July 31, 2010 - Meet Nhi...
Back in 2005, my brother, his wife, Mai and I visited Viet Nam and at that time we met a 2nd cousin that had a lazy eye. John (brother) thought that we should do something to help her. Our Middle School Youth Group sponsored her by sending $25.00 a month to her and wrote a few letters. When Mai and I were making plans to visit Viet Nam in 2008, we both made several contacts to have Nhi’s eye checked out. Mid week, Mai called one of the contacts and he said to schedule an appointment for the following Monday. Mai explained to him that on Monday we’ll be back in America, so he met with us the next day after his working hours. He also arranged for eye tests to be done with another Doctor after hours. Both Doctors refused payment. And about 1 week later, Nhi had her eye surgery. We were planning fundraising events to help pay for the surgery but it turned out that it wasn’t that expensive and we were able to cover it.
We have just returned from Viet Nam in June for a 2 week visit. During that time, we met with Nhi and her family and relatives. Like my first visit, Nhi would come up to me and talk and then laugh and laugh. Of course, Nhi and I can not understand each other through spoken words. We understand each other through our expressions. We took a walk (a large group of us) to her Aunt Ha’s house. And on the way, I felt a tiny hand reach for mine and Nhi held my hand for part of the way there, and of course, I had the biggest grin on my face. Thinking of how we’ve helped Nhi over the past years isn’t important, it’s how Nhi has changed our lives; that’s what is important.
About 2 weeks ago, we were told by her Uncle Lam and other relatives that Nhi has been having some problems with balance and also sickness in her stomach. Her local doctors have checked her out and said nothing is wrong with her. I guess someone suggested that she should see a Doctor in Ho Chi Minh City and about 1 week ago at Cho Ray Hospital she had an MRI done. The test results showed a large malignant tumor.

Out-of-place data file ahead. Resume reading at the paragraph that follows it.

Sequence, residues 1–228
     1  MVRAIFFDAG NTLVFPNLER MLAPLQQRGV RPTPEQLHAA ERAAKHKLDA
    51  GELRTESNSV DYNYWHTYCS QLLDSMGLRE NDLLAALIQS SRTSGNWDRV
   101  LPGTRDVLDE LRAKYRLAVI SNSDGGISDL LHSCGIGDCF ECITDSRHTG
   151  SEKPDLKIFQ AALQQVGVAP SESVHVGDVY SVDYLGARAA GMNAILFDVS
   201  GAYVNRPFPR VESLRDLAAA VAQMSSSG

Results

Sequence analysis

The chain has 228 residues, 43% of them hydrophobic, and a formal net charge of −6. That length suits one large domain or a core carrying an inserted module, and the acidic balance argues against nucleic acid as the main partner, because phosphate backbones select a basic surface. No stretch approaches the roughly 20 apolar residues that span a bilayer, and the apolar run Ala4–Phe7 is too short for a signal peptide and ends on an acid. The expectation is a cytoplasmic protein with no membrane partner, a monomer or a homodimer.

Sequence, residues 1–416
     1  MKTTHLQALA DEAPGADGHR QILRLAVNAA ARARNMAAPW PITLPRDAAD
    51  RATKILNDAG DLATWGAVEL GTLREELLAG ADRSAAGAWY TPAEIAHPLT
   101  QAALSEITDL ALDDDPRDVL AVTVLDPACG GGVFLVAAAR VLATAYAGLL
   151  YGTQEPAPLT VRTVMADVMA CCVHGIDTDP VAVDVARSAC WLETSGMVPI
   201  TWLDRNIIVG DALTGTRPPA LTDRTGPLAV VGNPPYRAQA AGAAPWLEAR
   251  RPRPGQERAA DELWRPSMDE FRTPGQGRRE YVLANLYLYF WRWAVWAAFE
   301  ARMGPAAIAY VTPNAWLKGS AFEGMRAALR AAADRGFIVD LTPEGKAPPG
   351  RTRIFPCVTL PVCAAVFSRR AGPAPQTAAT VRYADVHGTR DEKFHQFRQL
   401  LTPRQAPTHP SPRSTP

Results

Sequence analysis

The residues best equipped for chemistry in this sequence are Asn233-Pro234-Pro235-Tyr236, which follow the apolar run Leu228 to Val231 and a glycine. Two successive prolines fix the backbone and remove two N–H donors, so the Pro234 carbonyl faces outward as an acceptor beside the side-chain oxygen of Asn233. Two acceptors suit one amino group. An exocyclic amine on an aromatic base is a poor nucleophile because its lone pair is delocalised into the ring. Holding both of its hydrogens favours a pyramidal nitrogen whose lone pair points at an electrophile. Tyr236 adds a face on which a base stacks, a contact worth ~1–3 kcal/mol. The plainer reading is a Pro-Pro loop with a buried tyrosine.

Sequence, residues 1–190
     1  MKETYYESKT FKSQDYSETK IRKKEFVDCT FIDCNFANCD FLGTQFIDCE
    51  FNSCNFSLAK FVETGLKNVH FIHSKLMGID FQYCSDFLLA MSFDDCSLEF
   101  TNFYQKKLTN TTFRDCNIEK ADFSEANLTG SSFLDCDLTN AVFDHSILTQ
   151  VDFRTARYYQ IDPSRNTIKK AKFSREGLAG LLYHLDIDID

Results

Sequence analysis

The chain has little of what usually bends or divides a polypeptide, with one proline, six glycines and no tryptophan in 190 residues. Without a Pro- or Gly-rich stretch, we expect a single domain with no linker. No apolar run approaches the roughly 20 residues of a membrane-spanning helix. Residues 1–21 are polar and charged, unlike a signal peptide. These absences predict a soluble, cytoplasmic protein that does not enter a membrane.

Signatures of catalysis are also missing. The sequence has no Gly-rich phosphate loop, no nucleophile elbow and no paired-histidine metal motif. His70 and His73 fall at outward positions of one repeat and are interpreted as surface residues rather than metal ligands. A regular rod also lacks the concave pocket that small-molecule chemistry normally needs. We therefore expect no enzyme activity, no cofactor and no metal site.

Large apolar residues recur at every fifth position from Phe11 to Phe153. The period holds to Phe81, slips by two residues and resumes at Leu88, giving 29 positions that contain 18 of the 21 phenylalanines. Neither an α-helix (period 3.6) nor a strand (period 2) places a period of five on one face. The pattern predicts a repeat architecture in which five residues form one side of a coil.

I can’t imagine how the family in Viet Nam feels as we are devastated over the news. Mai and I feel helpless especially being over 9,000 miles away from Royal Spring Child; which is what the last 3 words of her name translates to: Nguy?n Hoàng Xuân Nhi.
John (my brother) suggested that we look into ways of bringing her here but haven’t a clue on starting a major task as this or paying for it. I’ve contacted a few organizations for help or a direction and have received some replies from Lions Clubs International Second Vice President Wayne Madden and Past International Director Vuthi Boonnikornvaravith and Jessica Riester of Children’s Brain Tumor Foundation. The prayer response from forums, facebook and friends have been overwhelming.
In these 2 weeks time, Nhi as become less than herself. First she was the talkative giggly little girl we are use to, now she doesn’t hardly talk, no laughter and cries. She told her mother that she wanted to live with her forever and asked another Aunt not to leave her side. Nhi (age 7) had her first surgery on July 30, 2010 to remove water from her brain and is doing well.
If you would like to help either with funding, prayers, Hospital circling, contacts at Cho Ray Hospital in Viet Nam or any other way you see fit; it will be greatly appreciated.
I don’t want the photo of Nhi waving to me to be the last wave.